“If It Ain’t Broke…Break It!” book reflection #4

Chapters 10, 11, 12 begin with the idea of looking at your business from the perspective of a beginner. Being able to remove your pre-conceived notions and think like a beginner when it comes to seeing an obvious solution or recognizing a new idea, which can be difficult if we are blinded by our own experiences. Sometimes knowing too much can make it difficult to see simple answers. In today’s world, a new idea, technological breakthrough, political shift, or research finding can quickly render what we consider state-of-the-art, as obsolete. Kriegel says the key to keeping ahead of change is to learn to think like a beginner. With a beginner’s mind, you will be more open to what is emerging and better equipped to anticipate change. The beginner isn’t as attached to old ways of doing things and won’t spend a lot of time beating a dead horse or accumulating sacred cows. A beginner will look at the world with fresh eyes and an open mind, and see things that an expert might miss. Keystone Ski Resort in Colorado introduced the idea of “novice consulting” to their management team with the goal of creating new ideas for each department. What they did was to divide up their 25 managers from the entire spectrum of business units into 6 teams. Each team would spend time in an area of the business they had no experience in, with the chore of asking as many dumb questions as they could think of. The results were the creation of several innovative ideas and process that were permanently incorporated into each business unit.

You can learn a lot from customers by watching how they misuse and abuse your product after they but it. Paying attention to how customers actually use, misuse, and abuse products provides the best R&D team, and an endless supply of innovative ideas. Harley Davidson required all their senior management to take cross-country trips on their Harleys to bike rallies, and rub shoulders with typical and no-typical Harley customers, including the Hells Angels. What they noticed was that virtually every Harley at these rallies had been modified and customized. All the bikers they met became their R&D team, and many of the ideas were incorporated into the design of later models. Unconventional wisdom says new ideas can come from “outside” your field. To use a sports analogy, instead of watching how your competition is playing the game, observe a different sport and look for things that might be applicable to your team. Kriegel gives an example of how a hospital system learned to solve their public relations problem by visiting a cruise ship. Eight managers from the hospital went on separate week-long cruises and returned with a list of over 100 improvements they wanted to make, simply by focusing on the attitude and demeanor of the cruise ship staff, and how they were treated as guests on the ship. The bottom line is to look for the odd-coupling of strange bedfellows and the synergistic products and services.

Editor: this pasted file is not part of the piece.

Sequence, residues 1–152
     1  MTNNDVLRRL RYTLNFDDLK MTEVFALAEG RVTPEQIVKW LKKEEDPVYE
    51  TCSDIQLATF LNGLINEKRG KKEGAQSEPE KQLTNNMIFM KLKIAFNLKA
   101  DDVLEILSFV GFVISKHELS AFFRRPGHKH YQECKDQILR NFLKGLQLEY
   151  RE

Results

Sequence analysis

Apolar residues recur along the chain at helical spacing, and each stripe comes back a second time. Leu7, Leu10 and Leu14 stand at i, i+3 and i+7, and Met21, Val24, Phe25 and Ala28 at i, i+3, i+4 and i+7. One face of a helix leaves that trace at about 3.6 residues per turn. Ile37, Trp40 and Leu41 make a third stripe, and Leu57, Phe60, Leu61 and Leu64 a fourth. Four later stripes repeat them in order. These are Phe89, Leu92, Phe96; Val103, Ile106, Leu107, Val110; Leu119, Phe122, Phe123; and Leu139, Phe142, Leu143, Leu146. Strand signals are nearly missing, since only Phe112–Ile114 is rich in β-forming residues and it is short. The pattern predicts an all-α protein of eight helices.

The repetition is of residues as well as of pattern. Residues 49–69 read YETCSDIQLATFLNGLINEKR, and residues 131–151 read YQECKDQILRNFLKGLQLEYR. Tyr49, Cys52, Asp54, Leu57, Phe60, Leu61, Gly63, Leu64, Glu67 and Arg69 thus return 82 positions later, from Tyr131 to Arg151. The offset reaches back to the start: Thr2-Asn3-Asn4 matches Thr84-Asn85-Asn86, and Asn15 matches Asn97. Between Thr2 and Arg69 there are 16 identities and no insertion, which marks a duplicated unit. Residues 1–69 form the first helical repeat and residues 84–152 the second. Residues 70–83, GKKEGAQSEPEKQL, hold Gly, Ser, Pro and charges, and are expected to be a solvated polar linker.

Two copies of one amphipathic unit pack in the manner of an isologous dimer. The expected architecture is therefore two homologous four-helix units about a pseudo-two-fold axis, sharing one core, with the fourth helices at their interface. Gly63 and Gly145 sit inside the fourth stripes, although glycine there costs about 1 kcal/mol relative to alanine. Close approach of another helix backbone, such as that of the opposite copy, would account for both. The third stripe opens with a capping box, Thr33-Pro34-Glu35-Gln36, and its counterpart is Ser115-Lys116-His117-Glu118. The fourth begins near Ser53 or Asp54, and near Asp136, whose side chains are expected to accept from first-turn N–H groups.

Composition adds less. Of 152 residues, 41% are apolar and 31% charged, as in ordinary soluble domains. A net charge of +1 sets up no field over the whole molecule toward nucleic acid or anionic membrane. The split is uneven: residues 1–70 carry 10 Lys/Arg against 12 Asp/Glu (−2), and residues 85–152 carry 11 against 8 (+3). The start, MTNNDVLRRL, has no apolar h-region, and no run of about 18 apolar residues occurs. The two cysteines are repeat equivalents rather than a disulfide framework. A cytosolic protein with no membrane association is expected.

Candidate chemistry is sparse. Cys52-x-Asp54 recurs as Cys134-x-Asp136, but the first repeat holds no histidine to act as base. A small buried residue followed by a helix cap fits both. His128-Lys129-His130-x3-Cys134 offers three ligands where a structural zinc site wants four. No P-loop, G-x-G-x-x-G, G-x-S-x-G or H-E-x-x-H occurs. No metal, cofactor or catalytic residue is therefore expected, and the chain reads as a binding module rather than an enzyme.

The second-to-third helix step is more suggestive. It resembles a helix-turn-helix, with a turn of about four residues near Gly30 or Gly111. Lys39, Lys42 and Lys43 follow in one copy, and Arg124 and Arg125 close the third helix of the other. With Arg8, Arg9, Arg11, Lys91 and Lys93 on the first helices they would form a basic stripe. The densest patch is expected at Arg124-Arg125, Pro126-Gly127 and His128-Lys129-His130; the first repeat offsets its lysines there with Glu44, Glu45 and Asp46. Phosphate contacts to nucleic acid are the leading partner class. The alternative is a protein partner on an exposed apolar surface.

Take risks not chances. We must continually change our thinking and behavior to succeed. Playing it safe is dangerous and futile, and the notion of a comfort zone is an illusion. Actor Timothy Hutton said “You’ll only be as good as you dare to be bad.” Author Gifford Pichot said, “If you don’t expose yourself to risk, you can’t possibly learn anything. If you are 100% certain of the outcome of an action, what do you learn from taking that action? Not a thing! If you don’t expose yourself to risk, you can’t possibly learn anything…if you risk nothing, you learn nothing.” Risk takers thrive on the risks they take, but they don’t take chances. Sports Psychologist Dr Bruce Ogilvie studied several professional risk takers including race car drivers, sky divers, and stunt men. What he discovered is that they were extremely intelligent and cautious people, and a great deal of planning and preparation went into their activities. This type of planning and analysis increase confidence, commitment, and self-control. We are all born risk takers. Research shows that we learn more, and faster in the first five years of our lives than we ever will in the years afterward. That is no accident. That is the period of our lives they we take the most risks, when we are exploring the unknown, and is the prime time to make mistakes. The biggest mistake we can make when confronting a risk, whether it is learning a new skill or starting a new project, is to focus on the end result. The idea is to dream big and take lots of small steps.

Reference; “If It Ain’t Broke…Break It!” by
Robert Kriegel and Louis Patler

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